According to Fr. Nwadike, Sr. Victima’s account is “the reality of a good number of consecrated women.”
He acknowledged the courage of Sr. Victima for opening up saying, “The less courageous Sisters suffer from fear, shame, and depression. Some others are terrified by the consequences of reporting their abuser, especially if they don't feel supported by their Religious Superior and community.”
“A painful fact still remains,” the Nigerian Cleric said, and explained, “Some Religious Superiors lack the empathy and compassion to support their abused members. There are those who are not willing to pay for the therapy sessions of their sexually abused Sister. When victims express the need to begin therapy, they are stoically rebuffed with the cold statement, ‘the congregation cannot afford such expenses.’”
He added, “Many of these victims and survivors, whether they are men or women, suffer in silence. Their suffering is all the more aggravated by the neglect and lack of support systems in the religious communities.”
Fr. Nwadike, who is a member of the Child Protection Commission of JCAM, however acknowledged some “bold Religious Institutes that are equipping and supporting their members in dealing with the reality sexual abuse.”
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Making reference to Religious Orders, he said, “Some of them have policies and structures to deal with allegations of sexual abuse. However, there are some other institutes that are still struggling to learn how best to respond to the sexual abuse of their members.”
“There are formators and spiritual directors who are yet to learn how to accompany their members who are suffering from both short-term and long-term effect of sexual abuse. As a result of this situation, victims and survivors under their care suffer from a lack of empathy and compassion from their formators, spiritual directors and religious superiors,” he further said.
The Jesuit Cleric whose research interests include Developmental Trauma and Personality Pathology lamented that although Pope Francis’ Apostolic Letter on sexual abuse “encourages and obliges victims to report and denounce their abusers, the reality among consecrated religious here in Africa has not changed much, despite the growing awareness of sexual abuse.”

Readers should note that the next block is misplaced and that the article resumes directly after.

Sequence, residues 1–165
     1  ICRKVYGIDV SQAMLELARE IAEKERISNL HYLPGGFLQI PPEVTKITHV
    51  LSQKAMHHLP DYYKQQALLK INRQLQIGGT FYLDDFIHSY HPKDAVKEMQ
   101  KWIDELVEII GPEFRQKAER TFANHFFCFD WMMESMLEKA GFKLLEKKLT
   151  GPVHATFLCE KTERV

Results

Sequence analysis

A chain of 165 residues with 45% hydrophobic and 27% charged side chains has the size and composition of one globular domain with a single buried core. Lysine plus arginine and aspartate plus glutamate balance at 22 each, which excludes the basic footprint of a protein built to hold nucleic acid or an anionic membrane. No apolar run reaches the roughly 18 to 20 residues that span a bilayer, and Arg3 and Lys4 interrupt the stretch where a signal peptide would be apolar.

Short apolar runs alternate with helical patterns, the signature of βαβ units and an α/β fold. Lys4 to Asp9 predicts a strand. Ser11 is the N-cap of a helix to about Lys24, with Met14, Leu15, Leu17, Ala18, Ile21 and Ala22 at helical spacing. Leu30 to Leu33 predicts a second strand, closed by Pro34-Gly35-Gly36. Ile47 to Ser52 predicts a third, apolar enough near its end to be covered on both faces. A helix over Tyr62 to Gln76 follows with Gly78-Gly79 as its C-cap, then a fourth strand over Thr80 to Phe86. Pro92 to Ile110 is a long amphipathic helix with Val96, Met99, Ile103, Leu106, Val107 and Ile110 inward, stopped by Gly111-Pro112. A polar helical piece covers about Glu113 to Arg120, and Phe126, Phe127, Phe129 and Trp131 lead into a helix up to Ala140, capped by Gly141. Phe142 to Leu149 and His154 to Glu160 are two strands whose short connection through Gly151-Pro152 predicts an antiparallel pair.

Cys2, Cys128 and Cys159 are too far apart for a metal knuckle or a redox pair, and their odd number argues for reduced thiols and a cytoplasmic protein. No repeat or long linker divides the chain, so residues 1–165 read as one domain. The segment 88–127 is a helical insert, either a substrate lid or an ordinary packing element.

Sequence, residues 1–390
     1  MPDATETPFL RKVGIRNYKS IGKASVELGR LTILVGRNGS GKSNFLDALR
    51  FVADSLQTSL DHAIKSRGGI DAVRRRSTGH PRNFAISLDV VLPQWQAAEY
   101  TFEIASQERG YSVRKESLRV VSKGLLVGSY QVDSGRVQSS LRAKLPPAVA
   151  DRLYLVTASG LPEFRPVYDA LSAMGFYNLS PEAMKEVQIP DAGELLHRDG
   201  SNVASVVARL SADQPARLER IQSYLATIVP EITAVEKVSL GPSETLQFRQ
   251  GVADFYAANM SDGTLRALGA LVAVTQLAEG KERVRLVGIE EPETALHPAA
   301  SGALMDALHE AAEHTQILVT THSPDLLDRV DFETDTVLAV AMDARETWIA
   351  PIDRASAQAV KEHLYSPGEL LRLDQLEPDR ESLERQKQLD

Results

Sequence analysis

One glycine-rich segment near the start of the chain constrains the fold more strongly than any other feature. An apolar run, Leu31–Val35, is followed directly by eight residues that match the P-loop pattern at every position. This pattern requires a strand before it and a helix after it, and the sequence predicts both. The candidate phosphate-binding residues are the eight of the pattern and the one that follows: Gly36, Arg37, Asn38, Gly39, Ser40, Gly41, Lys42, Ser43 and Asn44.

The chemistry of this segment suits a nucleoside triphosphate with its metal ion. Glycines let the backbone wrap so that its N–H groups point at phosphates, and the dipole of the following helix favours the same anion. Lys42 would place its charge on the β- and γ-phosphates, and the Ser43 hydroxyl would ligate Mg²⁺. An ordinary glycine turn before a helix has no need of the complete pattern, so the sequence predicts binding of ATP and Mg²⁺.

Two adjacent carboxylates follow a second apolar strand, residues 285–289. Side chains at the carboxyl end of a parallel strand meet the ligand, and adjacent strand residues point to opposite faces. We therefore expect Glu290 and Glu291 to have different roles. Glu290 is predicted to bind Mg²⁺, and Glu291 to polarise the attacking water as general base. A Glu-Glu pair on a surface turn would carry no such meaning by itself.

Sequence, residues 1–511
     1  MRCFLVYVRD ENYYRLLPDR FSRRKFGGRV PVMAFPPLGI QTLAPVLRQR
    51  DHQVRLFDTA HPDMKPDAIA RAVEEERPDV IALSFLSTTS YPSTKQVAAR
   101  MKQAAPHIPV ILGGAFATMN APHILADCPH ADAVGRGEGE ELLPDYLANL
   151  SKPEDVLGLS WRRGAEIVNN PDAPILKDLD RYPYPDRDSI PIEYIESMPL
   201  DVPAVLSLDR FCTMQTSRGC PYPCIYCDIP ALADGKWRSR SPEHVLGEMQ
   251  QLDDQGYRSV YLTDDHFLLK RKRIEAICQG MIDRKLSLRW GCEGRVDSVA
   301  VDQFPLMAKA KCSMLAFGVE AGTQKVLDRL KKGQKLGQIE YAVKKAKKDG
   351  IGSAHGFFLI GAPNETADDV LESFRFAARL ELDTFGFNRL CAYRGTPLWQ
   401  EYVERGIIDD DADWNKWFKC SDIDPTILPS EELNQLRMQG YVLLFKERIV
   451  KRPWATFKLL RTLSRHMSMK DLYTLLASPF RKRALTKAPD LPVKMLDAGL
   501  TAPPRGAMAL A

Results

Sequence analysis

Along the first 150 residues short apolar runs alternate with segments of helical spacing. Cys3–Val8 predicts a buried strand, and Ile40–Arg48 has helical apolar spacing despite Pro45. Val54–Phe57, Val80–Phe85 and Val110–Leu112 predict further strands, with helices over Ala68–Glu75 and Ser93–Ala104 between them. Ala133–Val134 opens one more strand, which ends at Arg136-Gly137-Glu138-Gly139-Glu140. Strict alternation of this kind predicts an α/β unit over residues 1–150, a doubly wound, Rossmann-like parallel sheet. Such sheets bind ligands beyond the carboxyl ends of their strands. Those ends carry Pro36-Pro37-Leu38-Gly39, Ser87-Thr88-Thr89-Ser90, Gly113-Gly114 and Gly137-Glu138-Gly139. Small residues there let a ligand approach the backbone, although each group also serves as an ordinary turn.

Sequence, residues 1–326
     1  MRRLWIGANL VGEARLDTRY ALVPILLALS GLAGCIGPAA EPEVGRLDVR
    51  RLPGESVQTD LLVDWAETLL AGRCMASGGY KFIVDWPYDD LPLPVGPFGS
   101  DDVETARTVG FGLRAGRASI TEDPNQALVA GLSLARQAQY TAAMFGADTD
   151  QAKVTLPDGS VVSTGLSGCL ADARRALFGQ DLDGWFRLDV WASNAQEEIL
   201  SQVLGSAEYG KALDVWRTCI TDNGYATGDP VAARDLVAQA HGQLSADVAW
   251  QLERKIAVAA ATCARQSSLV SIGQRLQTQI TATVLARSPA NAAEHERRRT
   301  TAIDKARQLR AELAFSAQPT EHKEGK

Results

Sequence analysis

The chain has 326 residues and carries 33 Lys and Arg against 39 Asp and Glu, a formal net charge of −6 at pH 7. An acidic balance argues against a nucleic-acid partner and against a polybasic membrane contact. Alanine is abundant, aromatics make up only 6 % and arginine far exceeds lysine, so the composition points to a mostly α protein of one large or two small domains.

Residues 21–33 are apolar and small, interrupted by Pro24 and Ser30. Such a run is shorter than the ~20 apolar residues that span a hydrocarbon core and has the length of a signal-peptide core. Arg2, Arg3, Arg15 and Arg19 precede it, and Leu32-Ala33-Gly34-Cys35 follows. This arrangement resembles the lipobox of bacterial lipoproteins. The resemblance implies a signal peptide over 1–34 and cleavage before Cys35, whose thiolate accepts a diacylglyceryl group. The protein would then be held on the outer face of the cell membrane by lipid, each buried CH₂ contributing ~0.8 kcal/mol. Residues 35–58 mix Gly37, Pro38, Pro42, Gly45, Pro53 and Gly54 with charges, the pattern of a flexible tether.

He explained, “Victims neither feel safe nor secure to disclose and report their abusers due to threats of victimization, recrimination, shame, and fear of expulsion from their religious institute. Thus, these religious men and women continue to feel oppressed, suppressed, and neglected.”
To those that consecrated persons may reveal to, that they have been abused, Fr. Nwadike urged to, among other things, protect the victim, show empathy and compassion to them, believe them, resist the temptation to doubt the disclosure, and affirm the victim for their courage.
He called on people to whom abused persons confide, to ensure that the victims receive the appropriate therapeutic support, and follow the procedure for reporting to the Child Protection & Safeguarding officer of the perpetrator's Diocese, or Religious Order or Church institution.
“Ensure that the victim is very well prepared and protected, before, during and after the process of investigation begins,” Fr. Nwadike said during the seminar, adding, “It is usually a very painful process for the victim, and terrifyingly shameful for the abuser.”
Inspired by Pope Francis’ Apostolic Letter on tackling abuse in the Church, the colloquium, which brought together Jesuits, laypersons, church leaders, and representatives from other Religious Orders from across the continent aimed to “contribute to the global ‘task regarding all of us as the People of God’ to create a safe environment for all, especially children, in Church, family and society.”
According to the leadership of JCAM, the papers presented at the three-day virtual event are set to be edited into a single resource volume and made available for publication to inform further research, study, formation, and practice.